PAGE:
Evolutionary norm enforcement
AbstractApplying an indirect evolutionary approach with endogenous preference formation, we show that a legal system can induce players to reward trust even if material incentives dictate to exploit trust. By analyzing the crowding out or crowding in of trustworthiness implied by various verdict rules, we can assess how a court influences the share of kept promises of truly trustworthy players who evolutionarily evolved as trustworthy and of opportunistic players who are only trustworthy if inspired by material incentives. --
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Bibliographic InfoPaper provided by Humboldt University of Berlin, Interdisciplinary Research Project 373: Quantification and Simulation of Economic Processes in its series SFB 373 Discussion Papers with number 1999,84.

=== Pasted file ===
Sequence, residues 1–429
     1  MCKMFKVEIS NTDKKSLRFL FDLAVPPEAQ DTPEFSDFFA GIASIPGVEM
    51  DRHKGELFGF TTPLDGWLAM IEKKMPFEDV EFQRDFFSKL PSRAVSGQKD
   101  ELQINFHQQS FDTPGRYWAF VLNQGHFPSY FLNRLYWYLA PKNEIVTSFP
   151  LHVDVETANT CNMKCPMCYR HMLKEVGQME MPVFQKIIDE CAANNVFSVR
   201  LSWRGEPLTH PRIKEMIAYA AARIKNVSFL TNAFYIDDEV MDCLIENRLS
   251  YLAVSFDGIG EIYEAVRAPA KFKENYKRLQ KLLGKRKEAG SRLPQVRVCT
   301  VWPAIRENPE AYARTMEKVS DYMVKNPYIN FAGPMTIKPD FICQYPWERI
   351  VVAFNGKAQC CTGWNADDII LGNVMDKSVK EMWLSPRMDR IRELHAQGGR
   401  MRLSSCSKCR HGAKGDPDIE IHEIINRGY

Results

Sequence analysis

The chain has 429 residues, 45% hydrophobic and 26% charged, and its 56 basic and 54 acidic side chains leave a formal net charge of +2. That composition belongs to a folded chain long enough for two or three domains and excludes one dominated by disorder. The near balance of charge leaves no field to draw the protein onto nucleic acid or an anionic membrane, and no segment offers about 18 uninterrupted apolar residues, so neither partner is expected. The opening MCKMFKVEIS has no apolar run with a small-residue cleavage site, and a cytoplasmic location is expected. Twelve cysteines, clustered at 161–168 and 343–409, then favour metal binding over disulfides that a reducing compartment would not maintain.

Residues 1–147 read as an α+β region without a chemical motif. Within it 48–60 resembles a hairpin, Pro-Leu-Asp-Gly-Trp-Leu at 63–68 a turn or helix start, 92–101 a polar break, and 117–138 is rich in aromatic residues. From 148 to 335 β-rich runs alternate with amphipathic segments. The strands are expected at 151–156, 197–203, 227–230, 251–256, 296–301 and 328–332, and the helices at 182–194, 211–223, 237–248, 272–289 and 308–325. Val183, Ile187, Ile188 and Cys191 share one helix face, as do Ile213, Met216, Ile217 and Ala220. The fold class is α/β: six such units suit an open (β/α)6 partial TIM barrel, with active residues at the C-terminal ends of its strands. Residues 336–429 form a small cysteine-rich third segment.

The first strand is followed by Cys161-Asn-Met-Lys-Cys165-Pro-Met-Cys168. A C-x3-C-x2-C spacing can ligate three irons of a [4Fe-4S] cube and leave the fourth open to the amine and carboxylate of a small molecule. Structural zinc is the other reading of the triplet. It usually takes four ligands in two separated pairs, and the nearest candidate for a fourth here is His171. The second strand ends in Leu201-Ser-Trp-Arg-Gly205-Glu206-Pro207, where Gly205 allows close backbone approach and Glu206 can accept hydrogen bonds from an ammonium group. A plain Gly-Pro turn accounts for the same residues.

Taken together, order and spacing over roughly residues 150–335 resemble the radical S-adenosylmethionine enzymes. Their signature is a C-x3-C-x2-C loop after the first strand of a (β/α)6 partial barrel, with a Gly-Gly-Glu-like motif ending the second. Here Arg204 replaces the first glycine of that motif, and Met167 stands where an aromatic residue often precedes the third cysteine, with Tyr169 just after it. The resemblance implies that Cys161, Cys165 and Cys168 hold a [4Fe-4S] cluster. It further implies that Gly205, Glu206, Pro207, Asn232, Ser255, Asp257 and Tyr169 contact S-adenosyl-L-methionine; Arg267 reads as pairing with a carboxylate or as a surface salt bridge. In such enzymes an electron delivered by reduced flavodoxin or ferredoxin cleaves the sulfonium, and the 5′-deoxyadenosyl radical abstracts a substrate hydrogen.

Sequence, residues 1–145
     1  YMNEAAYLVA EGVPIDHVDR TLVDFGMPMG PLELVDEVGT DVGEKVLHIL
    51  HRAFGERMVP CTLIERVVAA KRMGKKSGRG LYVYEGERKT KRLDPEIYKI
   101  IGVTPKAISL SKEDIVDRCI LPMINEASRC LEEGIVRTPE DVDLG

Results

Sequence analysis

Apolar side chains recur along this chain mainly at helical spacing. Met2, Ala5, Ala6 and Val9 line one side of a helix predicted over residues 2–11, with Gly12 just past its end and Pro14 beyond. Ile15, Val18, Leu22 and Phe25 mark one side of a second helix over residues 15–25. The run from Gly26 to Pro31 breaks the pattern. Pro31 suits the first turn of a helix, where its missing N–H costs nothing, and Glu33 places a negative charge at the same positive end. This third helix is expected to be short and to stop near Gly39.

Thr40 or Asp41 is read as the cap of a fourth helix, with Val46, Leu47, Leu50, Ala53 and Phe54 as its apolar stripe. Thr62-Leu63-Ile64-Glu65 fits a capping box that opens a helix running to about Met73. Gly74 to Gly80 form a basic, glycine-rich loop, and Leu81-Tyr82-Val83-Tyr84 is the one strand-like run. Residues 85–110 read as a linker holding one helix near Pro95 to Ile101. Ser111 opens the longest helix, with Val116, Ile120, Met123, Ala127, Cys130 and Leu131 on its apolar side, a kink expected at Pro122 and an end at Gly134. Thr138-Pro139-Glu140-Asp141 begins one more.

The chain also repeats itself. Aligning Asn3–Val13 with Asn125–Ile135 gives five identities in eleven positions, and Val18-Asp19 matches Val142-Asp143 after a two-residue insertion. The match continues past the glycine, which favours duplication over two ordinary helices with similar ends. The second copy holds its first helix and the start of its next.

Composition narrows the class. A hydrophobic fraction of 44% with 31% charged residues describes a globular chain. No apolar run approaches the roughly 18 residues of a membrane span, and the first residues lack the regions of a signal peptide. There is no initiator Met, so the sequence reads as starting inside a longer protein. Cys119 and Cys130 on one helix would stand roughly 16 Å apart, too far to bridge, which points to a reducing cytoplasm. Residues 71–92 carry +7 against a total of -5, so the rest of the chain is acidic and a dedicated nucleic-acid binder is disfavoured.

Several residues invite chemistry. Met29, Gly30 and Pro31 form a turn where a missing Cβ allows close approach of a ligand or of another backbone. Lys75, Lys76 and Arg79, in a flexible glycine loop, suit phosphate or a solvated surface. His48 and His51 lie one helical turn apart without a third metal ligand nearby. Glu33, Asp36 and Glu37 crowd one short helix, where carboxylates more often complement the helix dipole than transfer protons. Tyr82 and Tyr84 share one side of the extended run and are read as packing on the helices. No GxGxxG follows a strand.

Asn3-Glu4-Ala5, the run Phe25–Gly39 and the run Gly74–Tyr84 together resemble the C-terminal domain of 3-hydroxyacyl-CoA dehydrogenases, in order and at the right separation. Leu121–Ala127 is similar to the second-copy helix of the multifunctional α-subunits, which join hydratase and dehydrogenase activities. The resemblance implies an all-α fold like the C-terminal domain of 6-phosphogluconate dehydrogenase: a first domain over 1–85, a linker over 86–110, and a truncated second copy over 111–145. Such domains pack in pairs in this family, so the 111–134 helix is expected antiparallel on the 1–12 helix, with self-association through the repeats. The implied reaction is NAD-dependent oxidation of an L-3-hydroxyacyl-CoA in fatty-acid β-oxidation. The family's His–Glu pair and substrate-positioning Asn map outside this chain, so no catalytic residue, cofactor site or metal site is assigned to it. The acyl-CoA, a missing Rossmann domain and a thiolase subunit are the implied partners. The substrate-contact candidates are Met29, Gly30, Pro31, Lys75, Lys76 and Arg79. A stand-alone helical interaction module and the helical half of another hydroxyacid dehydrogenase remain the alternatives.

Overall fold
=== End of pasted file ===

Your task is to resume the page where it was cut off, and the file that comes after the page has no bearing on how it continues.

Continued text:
Date of creation: 1999
Date of revision:
Other versions of this item:
- Werner Gueth & Axel Ockenfels, 2000. "Evolutionary Norm Enforcement," Journal of Institutional and Theoretical Economics (JITE), Mohr Siebeck, Tübingen, vol. 156(2), pages 335-, June.
- C73 - Mathematical and Quantitative Methods - - Game Theory and Bargaining Theory - - - Stochastic and Dynamic Games; Evolutionary Games
- K42 - Law and Economics - - Legal Procedure, the Legal System, and Illegal Behavior - - - Illegal Behavior and the Enforcement of Law
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